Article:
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Viral 1.1

Virals is a section in which one person choses a haiku by another person and comments on that haiku. Then the author of that haiku is invited to select a haiku by someone else and comment on that poem, and so on. For an introduction to this section, see Virals.
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Stages   by Scott Metz

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   dusklight —
I read her poem
differently

Jim Kacian

 

This poem won Third Prize in the Robert Spiess Haiku Award Haiku Competition for 2006. We could take it to be shasei (sketch from life/nature) and be done with it. The judges for the contest, however (Charles Trumbull and Francine Banwarth), thought more of it, and I agree — there are finer and more intricate points and possibilities worthy of further consideration.

The construction of the first line seems to ask for a second look. A shasei reading of “dusklight” would be literal: an actual and specific time of day. But let’s reconsider it in a different light, metaphorically and symbolically. The poem does not make use of a specific kigo (season word), though it does, as Trumbull and Banwarth have written, give us an “autumnal feel.” This I think was the poet’s intention — Kacian nicely evades the predominant “adjective + noun” first line format of so many haiku by combining them into a new one-word creation. This is an uncommon word and process, and is, in itself, poetic. What does he achieve through this?

I believe that in using this process the poet, instead of referring to a literal time or setting or actual colors, suggests a state of consciousness, or even, perhaps, a stage of life. The combination of “dusk” and “light” condenses and clots what is already there and, in a way, allows less light, less wind, less life, to get through. In this reading “dusklight” then represents a new stage in the poet’s life, the “autumnal,” and with it a new set of eyes, a new state of consciousness, a new way of thinking about what has already taken place, what is happening in the present, and, perhaps, how to prepare for the future.

How does this autumnal state of mind and stage of life contribute to the rest of the poem? Is it, in fact, a key for the reader from the poet as to how the poet is now, at this stage in his life, reading “her poem”? Has the meaning of her poem for him, like the literal light, become more definite, more rigid, because of his own life experiences and their relation to her poem and whatever it is about? The construction and grammar of “dusklight” seems to point symbolically at least in that direction. Her poem must, in some way, be something special to the poet — and open to similar issues and ideas being brought up in his own poem — because he is returning to it. And who knows if the poem referred to is a haiku or a longer poem, published or unpublished. I am merely speculating here, but consider how such a turn in light, in life, could affect the reading of Marlene Mountain’s

pig and i spring rain

or LA Davidson’s

beyond
stars beyond
star

Because we do not know the poem or poetess, we are left with a delicious mystery. Ultimately, this speaks of the ability and magic of poetry (and especially haiku because of its openness and insistence upon involving the reader’s imagination and life experiences) to be reread and reinterpreted at different stages in a reader’s lifetime. And so I think, Kacian’s haiku is a poem of the interior, a poem of the mind and its constant movement. It is a virtually silent poem — “read(ing) her poem differently” requires no words spoken, and little action taken — and yet we feel the weight of a life in flux, the change of light. One is left to wonder how her poem will be read by the poet in his next lifestage (starlight? pitchdark?). Will the reading change again? Or might it return to his first reading, when it was all still just dawnlight?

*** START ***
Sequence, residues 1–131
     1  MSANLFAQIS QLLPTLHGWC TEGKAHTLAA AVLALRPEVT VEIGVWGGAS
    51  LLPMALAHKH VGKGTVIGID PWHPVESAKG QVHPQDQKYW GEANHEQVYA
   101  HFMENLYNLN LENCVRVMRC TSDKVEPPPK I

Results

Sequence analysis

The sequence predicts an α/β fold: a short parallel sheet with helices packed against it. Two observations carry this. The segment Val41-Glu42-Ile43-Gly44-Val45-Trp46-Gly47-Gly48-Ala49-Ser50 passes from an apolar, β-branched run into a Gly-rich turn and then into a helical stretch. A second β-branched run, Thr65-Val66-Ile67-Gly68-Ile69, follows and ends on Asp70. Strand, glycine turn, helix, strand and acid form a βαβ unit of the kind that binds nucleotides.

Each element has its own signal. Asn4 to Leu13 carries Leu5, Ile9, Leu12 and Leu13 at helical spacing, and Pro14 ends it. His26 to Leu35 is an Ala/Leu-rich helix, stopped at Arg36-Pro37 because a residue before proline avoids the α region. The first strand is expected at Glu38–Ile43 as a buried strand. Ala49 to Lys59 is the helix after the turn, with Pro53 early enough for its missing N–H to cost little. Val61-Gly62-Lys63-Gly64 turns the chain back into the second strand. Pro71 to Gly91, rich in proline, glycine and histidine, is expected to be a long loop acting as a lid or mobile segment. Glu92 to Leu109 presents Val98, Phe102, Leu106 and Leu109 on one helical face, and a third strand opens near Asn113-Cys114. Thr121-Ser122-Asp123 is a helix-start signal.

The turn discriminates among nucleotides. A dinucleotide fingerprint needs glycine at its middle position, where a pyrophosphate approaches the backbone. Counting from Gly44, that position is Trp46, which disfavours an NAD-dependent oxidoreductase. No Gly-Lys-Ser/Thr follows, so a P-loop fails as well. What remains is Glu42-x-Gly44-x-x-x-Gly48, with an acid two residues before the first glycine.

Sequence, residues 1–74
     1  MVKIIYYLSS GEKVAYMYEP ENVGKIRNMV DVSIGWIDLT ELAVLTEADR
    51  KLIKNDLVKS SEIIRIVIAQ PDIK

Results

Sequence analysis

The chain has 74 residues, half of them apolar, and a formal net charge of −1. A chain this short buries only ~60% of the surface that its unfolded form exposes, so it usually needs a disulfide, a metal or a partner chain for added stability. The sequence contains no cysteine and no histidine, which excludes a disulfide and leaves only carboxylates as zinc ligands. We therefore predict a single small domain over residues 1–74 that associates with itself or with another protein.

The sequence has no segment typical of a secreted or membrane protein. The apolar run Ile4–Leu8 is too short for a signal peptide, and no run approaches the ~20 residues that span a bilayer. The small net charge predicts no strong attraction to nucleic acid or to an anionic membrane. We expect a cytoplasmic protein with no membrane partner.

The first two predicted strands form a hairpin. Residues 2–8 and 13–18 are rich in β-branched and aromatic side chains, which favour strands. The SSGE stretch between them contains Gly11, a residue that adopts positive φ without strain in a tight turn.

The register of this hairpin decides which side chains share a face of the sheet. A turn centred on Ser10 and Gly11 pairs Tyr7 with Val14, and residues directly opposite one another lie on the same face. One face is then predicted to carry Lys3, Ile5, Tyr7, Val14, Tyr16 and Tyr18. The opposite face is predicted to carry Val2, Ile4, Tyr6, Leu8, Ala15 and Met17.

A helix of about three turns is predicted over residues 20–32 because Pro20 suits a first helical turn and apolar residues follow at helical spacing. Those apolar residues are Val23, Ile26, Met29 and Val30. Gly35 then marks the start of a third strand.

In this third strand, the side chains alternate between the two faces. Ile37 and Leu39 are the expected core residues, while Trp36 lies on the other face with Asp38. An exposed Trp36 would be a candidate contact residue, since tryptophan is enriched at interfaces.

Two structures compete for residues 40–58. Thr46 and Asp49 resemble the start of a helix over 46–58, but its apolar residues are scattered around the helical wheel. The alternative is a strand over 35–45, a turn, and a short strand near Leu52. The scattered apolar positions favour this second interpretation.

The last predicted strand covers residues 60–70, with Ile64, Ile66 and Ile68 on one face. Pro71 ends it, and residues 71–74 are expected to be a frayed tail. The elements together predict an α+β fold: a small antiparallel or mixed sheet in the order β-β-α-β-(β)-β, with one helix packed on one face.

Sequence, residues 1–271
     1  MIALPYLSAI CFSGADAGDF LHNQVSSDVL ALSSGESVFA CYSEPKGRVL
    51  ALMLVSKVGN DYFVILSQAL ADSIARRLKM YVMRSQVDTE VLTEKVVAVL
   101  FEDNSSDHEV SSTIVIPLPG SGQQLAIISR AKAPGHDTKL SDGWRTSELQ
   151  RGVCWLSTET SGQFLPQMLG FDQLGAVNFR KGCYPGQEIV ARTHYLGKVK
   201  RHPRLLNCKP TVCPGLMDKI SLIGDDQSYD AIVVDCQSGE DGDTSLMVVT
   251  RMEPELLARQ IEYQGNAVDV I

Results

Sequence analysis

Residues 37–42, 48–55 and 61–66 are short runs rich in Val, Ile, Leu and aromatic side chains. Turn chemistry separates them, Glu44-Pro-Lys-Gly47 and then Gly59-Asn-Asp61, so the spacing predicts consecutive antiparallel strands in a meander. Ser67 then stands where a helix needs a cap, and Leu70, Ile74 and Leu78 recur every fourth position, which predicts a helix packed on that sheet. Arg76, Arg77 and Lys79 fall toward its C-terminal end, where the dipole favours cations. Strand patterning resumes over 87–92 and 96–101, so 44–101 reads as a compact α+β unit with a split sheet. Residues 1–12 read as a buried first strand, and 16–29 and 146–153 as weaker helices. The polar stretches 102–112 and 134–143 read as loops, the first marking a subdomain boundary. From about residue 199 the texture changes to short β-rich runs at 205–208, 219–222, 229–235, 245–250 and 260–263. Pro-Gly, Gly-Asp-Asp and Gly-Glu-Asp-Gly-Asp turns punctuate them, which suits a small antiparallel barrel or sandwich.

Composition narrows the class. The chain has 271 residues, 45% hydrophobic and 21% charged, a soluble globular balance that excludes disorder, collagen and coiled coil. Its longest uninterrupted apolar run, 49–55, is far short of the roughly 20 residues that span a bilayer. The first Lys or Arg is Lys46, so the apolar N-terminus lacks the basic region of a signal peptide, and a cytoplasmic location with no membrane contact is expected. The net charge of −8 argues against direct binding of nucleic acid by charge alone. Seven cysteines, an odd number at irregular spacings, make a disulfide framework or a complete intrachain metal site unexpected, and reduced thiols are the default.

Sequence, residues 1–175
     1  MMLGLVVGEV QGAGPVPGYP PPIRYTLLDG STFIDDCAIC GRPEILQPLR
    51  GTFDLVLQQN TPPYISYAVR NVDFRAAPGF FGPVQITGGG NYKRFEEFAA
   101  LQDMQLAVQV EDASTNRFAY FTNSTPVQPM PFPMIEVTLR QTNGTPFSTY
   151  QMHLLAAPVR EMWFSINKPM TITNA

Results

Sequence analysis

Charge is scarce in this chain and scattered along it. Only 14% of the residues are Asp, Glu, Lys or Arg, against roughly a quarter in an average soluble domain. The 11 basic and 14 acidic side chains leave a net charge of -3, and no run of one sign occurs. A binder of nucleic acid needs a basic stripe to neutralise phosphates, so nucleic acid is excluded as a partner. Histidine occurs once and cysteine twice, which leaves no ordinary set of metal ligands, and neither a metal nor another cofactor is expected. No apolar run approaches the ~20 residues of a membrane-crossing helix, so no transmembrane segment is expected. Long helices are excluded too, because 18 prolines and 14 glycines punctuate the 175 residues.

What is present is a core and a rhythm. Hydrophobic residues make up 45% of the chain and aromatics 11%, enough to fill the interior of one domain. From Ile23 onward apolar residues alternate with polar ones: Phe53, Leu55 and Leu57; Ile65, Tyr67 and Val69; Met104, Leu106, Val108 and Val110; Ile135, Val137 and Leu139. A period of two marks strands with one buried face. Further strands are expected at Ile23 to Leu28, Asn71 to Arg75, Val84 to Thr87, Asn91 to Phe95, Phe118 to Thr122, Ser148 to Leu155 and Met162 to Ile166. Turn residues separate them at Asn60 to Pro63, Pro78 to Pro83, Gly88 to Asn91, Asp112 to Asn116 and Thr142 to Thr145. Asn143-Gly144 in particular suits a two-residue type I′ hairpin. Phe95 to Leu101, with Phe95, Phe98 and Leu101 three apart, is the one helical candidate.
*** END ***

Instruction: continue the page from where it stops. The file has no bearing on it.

As featured poet, Jim Kacian will select a poem and provide commentary for Viral 1.2.

 

This Post Has 6 Comments

  1. I have been finding my way around the Haiku Foundation site and want to say I especially enjoyed Scott Metz’s discussion of Jim Kacian’s “dusklight–“. I’m glad I was on board to judge the Spiess that year. Kacian’s own thoughts about bringing the “psychological” into his writing really has me thinking, and as I read his work I can see how he manages to incorporate this element into his haiku, which makes them soar, really. It is a step above the “emotional” level of suggestion–somehow deeper, and very effective.

  2. Kacian writes “her poem,” which leads, I suppose, the interpreting mind to land on the notion of an actual (or imagined) poet as reference. That is certainly where I landed when I first came across this poem. But Scott’s reading, especially considering “dusklight” as a state of consciousness, leads me to explore further: that is, to consider that “dusklight” itself is the “poet”. I believe it is an attribute of poetry, and perhaps especially of the poetry we call haiku, that it engages that capacity of mind which can hold several possibilities at once and come to a singular understanding, if understanding is understood as submitting and not as deciding.

    I’m reminded once more of Emerson’s statement that “every word was once a poem.” “Dusklight” (and also “troutswirl”) in its freshness and fusion, is a poem in itself, and though it was written by an actual (and not imagined, I’m pretty sure) poet, one might say it is self-authoring. And though this way of looking at the poem requires a sense of “dusklight” as a feminine, self-authoring consciousness, I find I do not object to it, I find that I can stay in that light and allow it to deepen and darken within me. I find that it invites me to read it differently, and variously.

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